The Sony-Zee alliance, with about 75 channels, now stands to overtake Disney’s Star India as India’s biggest player.
Sony’s India unit has finalised a deal with local rival Zee Entertainment to merge their television channels, film assets and streaming platforms, joining forces to take on the likes of Netflix and Disney in India.
India, still heavy on direct-to-home TV entertainment, has in the past few years seen a surge of competition from streaming platforms including Netflix Inc, Amazon.com Inc’s Prime Video and Walt Disney Co’s Hotstar.
The Sony-Zee alliance, with about 75 news, entertainment, sports and movie channels, now stands to overtake Disney’s Star India as the country’s biggest player.
The combined entity, which will be nearly 51 percent owned by Sony Pictures Networks India (SPNI) and 3.99 percent by Zee’s founders, will feature popular channels such as Sony MAX and Zee TV, and streaming platforms like ZEE5 and SonyLIV.
SPNI will have a cash balance of $1.5bn at close of deal, including an infusion by its own shareholders and the promoters of Zee, the companies said.
Zee’s top boss, Punit Goenka, will be named as the chief executive officer and managing director of the merged entity, which will be publicly listed in India.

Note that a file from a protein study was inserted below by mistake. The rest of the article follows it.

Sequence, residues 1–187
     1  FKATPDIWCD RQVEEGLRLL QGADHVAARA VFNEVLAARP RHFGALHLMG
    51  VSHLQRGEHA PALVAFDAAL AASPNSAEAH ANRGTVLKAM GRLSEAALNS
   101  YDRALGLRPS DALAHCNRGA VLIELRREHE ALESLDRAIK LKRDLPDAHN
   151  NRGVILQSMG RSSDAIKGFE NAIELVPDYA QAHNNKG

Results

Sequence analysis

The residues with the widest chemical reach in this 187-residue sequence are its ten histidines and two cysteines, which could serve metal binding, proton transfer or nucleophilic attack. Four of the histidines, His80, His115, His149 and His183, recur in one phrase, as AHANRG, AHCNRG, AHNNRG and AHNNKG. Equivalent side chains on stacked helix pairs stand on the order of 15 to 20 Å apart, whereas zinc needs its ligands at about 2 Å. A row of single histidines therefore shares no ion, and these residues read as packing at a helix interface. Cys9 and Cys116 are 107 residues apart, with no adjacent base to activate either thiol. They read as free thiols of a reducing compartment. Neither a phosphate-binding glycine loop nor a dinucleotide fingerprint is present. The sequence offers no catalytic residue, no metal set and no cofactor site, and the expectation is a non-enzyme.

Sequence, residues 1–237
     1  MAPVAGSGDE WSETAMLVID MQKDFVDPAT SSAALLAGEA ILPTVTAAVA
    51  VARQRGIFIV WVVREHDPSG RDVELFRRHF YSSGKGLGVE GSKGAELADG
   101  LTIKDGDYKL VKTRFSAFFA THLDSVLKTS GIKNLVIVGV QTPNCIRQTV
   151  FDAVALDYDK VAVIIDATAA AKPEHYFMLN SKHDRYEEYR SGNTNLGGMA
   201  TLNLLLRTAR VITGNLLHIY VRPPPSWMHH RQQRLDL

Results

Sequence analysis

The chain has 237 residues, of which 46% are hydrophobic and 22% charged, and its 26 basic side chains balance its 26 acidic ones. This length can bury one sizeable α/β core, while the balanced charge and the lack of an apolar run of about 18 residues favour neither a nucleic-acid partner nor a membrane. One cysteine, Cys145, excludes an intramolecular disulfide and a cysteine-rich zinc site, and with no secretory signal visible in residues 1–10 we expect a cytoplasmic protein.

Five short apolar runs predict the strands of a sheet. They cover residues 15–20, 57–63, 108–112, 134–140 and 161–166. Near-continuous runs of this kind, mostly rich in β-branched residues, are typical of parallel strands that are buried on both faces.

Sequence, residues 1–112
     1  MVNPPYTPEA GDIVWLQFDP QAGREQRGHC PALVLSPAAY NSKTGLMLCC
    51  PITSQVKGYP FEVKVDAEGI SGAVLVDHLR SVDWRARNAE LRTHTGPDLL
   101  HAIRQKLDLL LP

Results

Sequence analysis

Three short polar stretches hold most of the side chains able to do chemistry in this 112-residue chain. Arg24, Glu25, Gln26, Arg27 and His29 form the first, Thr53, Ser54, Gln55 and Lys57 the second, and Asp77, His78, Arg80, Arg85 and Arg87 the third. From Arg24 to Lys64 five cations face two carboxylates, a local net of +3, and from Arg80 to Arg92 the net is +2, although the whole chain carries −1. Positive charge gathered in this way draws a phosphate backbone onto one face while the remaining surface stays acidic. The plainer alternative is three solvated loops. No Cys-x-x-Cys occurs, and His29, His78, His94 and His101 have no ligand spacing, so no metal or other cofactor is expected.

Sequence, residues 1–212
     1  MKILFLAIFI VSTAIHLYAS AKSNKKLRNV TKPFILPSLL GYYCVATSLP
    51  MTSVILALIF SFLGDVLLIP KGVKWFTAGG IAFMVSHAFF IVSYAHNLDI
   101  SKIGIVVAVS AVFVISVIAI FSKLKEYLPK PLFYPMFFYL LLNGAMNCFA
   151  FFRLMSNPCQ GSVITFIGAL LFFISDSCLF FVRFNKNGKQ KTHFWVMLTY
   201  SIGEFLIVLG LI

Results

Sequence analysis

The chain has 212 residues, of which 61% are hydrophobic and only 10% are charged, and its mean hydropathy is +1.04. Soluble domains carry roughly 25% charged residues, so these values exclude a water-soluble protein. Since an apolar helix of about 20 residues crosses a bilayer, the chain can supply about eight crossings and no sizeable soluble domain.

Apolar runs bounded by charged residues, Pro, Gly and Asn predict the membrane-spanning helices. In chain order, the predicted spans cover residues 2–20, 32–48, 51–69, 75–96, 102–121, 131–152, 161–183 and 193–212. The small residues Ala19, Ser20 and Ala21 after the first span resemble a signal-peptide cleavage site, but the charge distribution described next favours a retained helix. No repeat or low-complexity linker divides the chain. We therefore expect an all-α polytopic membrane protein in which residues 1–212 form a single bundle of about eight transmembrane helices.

Zee’s founders also agreed to cap the equity they may own in the combined company to 20 percent of its outstanding shares, according to the terms of the deal.
The merger comes amid a complicated boardroom and courtroom feud between Zee’s founders and its largest shareholder, Atlanta-based Invesco Developing Markets Fund, which owns an 18 percent stake.
Invesco, unhappy with the way Zee was run, has been persistently seeking a shareholder meeting to fire Goenka from the board and as CEO.
Zee founders have instead blamed the US fund of having a “certain larger design” in forcing a shareholder meeting. Invesco sought Goenka’s removal after its attempts to facilitate a buyout of Zee in March by Reliance Industries Ltd – helmed by Asia’s richest man Mukesh Ambani – fell through.
The Bombay High Court is hearing Invesco’s appeal against an October order that barred the US fund from calling a meeting of Zee’s shareholders. An adverse order for Zee could throw a spanner in the works as Invesco didn’t support the deal with Sony as the terms, even when the non-binding pact was announced in September, allowed Goenka to stay on as the CEO and raise the founders’ shareholding in the combined entity.
The definitive agreement retains those terms.
Most of the combined company’s board will be nominated by the Sony Group and include current SPNI CEO NP Singh as chairman of Sony Pictures India, a division of SPNI parent Sony Pictures Entertainment (SPE).
Singh said he will oversee SPE’s investments in India and identify opportunities to expand Sony’s footprint in the country, according to an internal memo seen by Reuters.
Wednesday’s announcement follows a 90-day due diligence period that closed on December 21, and while the parties have signed definitive agreements, deal close is subject to certain regulatory approvals.
Zee’s shares, which rocketed 35 percent to a market capitalisation of nearly $4.5bn when the deal was announced in September, seesawed in volatile trade early on Wednesday.
Source: Al Jazeera